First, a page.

Theatre includes The Hoard Festival (New Vic Theatre, Newcastle-under-Lyme), Hunger for Trade, Saturday Night, Sunday Morning (Royal Exchange Theatre, Manchester), The Seagull, Hard Times, Rock 'n' Roll, Audience, Much Ado About Nothing, Measure for Measure, The Winter's Tale, Beyond Belief, Schweyk In the Second World War, A Christmas Carol, Time of My Life, Aladdin (Library Theatre, Manchester), Absent Friends (Coliseum Theatre, Oldham, and Harrogate Theatre) Kes (Liverpool Playhouse and Tour), Spring and Port Wine (Octagon Theatre, Bolton), Get Ken Barlow (Watford Palace), The Trackers of Oxyrhincus (National Theatre), The Merry Wives (Tour for Northern Broadsides), The Revenger's Tragedy and Three Girls In Blue (West Yorkshire Playhouse).
Television includes Happy Valley, Home Fires, The Cops, Waterloo Road, Paradox, Accused, Doctors, North and South, Dalziel and Pascoe, Holby City, Strumpet, Vacuuming Completely Nude In Paradise, Emmerdale, Coronation Street, HeartBeat, Fat Friends, Mysterious Creatures, The Girls Who Came To Stay, What We Did On Our Holidays, The Bill, Blood Strangers, Bob and Rose and Shameless.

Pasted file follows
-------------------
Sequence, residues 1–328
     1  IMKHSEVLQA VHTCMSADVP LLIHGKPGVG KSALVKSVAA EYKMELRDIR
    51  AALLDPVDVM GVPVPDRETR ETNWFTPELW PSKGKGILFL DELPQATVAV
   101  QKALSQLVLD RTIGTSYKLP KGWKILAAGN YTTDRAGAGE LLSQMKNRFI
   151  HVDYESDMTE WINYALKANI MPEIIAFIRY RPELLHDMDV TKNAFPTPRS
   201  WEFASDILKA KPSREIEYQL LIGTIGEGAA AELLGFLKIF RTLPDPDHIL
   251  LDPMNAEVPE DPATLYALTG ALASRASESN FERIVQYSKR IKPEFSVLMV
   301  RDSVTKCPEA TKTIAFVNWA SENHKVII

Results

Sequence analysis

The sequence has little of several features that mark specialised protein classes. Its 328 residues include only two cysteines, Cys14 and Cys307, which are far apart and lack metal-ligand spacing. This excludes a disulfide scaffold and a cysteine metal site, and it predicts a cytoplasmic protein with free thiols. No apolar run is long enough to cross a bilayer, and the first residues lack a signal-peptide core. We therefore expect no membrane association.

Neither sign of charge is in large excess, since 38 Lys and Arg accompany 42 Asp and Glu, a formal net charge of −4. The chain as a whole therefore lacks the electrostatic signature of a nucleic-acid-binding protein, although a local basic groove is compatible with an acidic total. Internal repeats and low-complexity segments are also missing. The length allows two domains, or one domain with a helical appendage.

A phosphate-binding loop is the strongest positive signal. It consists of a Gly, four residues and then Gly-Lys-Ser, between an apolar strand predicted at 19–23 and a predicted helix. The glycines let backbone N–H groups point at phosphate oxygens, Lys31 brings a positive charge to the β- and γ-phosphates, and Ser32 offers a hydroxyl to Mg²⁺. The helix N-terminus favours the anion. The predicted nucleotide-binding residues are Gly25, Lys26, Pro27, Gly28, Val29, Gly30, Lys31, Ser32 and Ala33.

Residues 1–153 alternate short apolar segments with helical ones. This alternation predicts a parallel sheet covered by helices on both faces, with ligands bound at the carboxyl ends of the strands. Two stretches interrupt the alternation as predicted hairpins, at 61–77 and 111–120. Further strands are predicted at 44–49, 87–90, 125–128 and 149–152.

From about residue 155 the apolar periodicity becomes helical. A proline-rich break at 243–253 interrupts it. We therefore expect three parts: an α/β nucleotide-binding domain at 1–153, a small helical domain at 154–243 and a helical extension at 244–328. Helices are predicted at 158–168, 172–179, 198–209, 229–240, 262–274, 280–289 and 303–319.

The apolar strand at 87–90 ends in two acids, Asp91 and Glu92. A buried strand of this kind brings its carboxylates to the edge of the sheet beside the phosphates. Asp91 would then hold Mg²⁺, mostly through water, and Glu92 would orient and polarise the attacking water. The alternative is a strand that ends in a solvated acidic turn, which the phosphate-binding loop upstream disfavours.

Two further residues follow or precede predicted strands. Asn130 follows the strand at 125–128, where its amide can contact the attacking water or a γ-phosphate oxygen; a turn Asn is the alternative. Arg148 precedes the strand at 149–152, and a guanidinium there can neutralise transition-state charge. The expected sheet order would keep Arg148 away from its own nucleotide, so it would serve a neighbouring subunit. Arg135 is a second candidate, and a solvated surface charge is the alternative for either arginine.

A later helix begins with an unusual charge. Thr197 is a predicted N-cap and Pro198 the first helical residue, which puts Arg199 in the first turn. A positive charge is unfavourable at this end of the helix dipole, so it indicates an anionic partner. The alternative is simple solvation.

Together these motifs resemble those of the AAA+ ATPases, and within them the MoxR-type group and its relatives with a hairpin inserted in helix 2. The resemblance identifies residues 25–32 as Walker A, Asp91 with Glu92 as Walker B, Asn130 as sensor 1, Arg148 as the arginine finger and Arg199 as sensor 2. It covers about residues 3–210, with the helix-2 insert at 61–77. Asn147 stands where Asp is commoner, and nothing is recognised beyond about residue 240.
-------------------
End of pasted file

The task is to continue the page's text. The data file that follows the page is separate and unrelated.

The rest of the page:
Radio includes Craven.

Dan Parr | Jim

Theatre includes Hamlet (Barbican Theatre), Britannia Waves The Rules, Scuttlers, Pages From my Songbook (Royal Exchange Theatre, Manchester), Wanted! Robin Hood (Library Theatre, Manchester), and DNA (The Lowry, Salford).
Film includes The Rise of the Krays, The Fall of the Krays and Halcyon Heights.
Television includes The Musketeers, Rocket’s Island, Casualty, The Crimson Field and The Village.

THE PRESS ON PLAYWRIGHT DANIEL FOXSMITH’S THE OBSERVATORY

"A moving human drama that goes beyond the bald statistics about war." Scottish Daily Mail

"Daniel Foxsmith's script is mature and well-composed…a punchy thriller." The Scotsman

"With echoes of fringe hit Black Watch…this could become an important piece." WhatsOnStage

"Atmospheric, sad and thought provoking…masterfully acted throughout." Three Weeks

"A bold piece of new writing by Daniel Foxsmith… thought provoking in the best sense. Well written...slick and stimulating." Ed Fringe Review

THE PRESS ON DIRECTOR BRYONY SHANAHAN

★★★★ Four Stars in The Guardian, The Times, PlaysToSee, Time Out, The Gizzle Review, London City Nights, Exeunt Magazine, Stage Review and BritishTheatre.com on Operation Crucible at the Finborough Theatre